The setting of constricting θ via a parameterised moment condition relates to moment defined econometrics models, in a similar spirit to Gallant’s paper I recently discussed, but equally to empirical likelihood, which would then benefit from a fully Bayesian treatment thanks to the approach advocated by the authors.

Despite the zero-measure difficulty, or more exactly the non-linear manifold structure of the parameter space, for instance

β = log {θ/(1-θ)}

the authors manage to define a “projected” [my words] measure on the set of admissible pairs (β,θ). In a sense this is related with the choice of a certain metric, but the so-called Hausdorff reference measure allows for an automated definition of the original prior. It took me a (wee) while to spot (p.7) that the starting point was not a (unconstrained) prior on that (unconstrained) pair (β,θ) but directly on the manifold

$\mathbb{E}_\theta[g(X,\beta)]=0.$

Which makes its construction a difficulty. Even though, as noted in Section 4, all that we need is a prior over θ since the Hausdorff-Jacobian identity defines the “joint”, in a sort of backward way. (This is a wee bit confusing in that β being a transform of θ, all we need is a prior over θ, but we nonetheless end up with a different density on the joint distribution on the pair (β,θ). Any connection with incompatible priors merged together into a consensus prior?) Another question extending the scope of the paper would be to define Jeffreys’ or reference priors in this manifold sense.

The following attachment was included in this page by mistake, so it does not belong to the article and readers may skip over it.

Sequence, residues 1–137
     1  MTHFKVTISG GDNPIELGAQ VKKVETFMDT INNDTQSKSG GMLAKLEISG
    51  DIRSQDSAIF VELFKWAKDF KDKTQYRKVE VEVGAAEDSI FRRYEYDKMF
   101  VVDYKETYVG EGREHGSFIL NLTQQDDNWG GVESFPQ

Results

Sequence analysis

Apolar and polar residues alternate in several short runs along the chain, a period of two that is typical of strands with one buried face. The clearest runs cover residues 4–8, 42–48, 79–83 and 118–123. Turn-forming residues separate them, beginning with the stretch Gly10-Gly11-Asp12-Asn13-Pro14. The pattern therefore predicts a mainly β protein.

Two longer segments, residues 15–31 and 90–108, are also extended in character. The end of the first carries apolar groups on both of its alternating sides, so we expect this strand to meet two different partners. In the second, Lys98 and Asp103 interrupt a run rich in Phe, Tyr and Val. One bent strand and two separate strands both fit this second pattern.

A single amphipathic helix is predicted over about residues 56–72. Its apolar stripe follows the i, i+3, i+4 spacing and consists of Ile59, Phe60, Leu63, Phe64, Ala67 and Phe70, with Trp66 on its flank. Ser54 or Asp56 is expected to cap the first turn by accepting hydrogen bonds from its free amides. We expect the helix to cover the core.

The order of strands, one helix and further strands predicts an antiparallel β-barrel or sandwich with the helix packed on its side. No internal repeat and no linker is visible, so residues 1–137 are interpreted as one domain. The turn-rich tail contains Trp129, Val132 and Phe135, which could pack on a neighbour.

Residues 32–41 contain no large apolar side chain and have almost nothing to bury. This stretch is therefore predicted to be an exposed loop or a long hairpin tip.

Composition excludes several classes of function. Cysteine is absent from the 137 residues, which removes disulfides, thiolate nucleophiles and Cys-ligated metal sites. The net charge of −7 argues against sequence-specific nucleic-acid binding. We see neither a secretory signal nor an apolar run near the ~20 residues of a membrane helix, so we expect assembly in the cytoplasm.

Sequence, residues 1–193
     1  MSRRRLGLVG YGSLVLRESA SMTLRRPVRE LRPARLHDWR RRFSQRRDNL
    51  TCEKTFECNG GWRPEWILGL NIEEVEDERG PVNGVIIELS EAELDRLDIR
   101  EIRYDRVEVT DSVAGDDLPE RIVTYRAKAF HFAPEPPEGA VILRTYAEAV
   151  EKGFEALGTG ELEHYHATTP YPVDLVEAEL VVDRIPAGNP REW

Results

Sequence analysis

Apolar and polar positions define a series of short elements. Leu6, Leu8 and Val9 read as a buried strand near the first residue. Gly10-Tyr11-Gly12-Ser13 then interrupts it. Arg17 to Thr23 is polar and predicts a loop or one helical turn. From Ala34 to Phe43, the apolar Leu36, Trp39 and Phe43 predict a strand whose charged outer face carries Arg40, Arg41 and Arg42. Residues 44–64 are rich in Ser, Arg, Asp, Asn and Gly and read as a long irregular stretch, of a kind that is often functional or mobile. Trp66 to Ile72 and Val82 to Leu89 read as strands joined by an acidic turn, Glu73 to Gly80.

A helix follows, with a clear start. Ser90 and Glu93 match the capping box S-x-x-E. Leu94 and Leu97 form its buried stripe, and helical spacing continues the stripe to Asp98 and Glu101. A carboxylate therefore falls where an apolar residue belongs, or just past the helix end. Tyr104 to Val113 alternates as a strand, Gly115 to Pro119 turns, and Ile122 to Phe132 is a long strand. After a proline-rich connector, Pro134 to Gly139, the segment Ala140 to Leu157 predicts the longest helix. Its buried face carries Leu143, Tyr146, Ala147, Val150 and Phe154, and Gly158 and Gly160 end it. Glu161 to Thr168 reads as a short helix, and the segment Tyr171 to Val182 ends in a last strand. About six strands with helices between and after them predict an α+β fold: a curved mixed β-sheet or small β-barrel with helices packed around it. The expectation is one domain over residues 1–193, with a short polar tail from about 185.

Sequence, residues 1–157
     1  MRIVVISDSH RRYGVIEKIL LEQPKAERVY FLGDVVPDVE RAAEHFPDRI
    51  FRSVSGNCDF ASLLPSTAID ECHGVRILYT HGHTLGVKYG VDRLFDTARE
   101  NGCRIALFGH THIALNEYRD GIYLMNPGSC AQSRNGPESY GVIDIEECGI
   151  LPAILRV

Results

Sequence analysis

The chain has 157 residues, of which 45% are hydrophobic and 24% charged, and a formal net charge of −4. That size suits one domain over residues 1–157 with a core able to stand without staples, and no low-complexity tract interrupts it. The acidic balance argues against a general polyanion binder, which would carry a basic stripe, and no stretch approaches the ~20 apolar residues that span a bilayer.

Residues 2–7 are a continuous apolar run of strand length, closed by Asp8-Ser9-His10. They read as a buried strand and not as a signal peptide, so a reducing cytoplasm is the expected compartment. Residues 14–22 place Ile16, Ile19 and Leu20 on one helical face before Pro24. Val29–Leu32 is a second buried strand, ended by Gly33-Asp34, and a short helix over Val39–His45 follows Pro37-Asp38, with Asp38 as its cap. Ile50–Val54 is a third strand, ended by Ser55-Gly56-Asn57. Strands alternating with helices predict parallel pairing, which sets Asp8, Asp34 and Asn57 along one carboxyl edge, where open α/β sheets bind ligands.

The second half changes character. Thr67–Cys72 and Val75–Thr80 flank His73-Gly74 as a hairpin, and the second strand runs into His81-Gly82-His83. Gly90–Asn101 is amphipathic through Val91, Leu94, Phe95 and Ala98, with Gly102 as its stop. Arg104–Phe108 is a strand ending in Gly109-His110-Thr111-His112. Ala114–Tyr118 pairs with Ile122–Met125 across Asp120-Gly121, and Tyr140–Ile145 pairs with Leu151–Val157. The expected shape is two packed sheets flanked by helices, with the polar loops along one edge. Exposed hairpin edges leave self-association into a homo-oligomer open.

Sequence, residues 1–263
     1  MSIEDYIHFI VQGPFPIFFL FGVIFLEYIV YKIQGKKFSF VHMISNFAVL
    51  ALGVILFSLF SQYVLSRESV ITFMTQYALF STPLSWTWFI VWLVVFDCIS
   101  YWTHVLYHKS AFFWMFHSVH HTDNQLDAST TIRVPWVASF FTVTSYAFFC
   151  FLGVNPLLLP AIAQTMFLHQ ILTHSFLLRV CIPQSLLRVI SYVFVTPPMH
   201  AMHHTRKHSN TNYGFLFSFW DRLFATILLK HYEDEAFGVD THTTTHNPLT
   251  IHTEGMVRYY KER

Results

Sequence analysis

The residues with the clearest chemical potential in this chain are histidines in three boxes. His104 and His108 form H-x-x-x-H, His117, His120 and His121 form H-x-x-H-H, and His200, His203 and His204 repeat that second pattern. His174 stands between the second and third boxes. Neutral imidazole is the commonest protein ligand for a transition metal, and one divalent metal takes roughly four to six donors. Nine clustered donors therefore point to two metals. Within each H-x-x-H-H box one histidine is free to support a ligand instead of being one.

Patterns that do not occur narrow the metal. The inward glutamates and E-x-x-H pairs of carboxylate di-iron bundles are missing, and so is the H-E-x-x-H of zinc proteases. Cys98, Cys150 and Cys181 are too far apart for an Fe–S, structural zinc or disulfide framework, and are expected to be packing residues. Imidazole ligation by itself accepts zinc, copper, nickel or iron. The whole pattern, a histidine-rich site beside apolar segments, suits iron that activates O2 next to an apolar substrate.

The authors also discuss (Section 4.3) the problem I originally thought they were processing, namely starting from an unconstrained pair (β,θ) and it corresponding prior. The projected prior can then be defined based on a version of the original density on the constrained space, but it is definitely arbitrary. In that sense the paper does not address the general problem.

“…traditional simulation algorithms will fail because the prior and the posterior of the model are supported on a zero Lebesgue measure set…” (p.10)

I somewhat resist this presentation through the measure zero set: once the prior is defined on a manifold, the fact that it is a measure zero set in a larger space is moot. Provided one can simulate a proposal over that manifold, e.g., a random walk, absolutely continuous wrt the same dominating measure, and compute or estimate a Metropolis-Hastings ratio of densities against a common measure, one can formally run MCMC on manifolds as well as regular Euclidean spaces. A first and theoretically straightforward (?) solution is to solve the constraint

$\mathbb{E}_\theta[g(X,\beta)]=0$

in β=β(θ). Then the joint prior p(β,θ) can be projected by the Hausdorff projection into p(θ). For instance, in the case of the above logit transform, the projected density is

p(θ)=p(β,θ) {1+1/θ²(1-θ)²}½

In practice, the inversion may be too costly and Bornn et al. directly simulate the pair (β,θ) within the manifold capitalising on the fact that the constraint is linear in θ given β. Indeed, in this setting, β is unconstrained and θ can be simulated from a proposal restricted to the hyperplane. Gibbs-like.